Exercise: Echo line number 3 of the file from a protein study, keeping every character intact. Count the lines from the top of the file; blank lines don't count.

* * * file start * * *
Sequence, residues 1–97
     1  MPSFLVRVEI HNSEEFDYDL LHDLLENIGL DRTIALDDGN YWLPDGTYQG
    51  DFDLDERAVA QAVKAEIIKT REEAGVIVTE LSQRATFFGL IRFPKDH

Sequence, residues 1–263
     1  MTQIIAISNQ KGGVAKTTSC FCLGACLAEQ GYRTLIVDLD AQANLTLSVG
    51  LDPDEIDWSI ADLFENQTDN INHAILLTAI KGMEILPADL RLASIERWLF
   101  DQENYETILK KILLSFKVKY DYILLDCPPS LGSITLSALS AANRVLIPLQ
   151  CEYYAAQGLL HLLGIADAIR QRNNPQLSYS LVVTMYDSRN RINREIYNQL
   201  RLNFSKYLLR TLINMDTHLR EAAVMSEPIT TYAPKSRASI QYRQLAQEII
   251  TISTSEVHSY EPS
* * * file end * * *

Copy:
    51  DFDLDERAVA QAVKAEIIKT REEAGVIVTE LSQRATFFGL IRFPKDH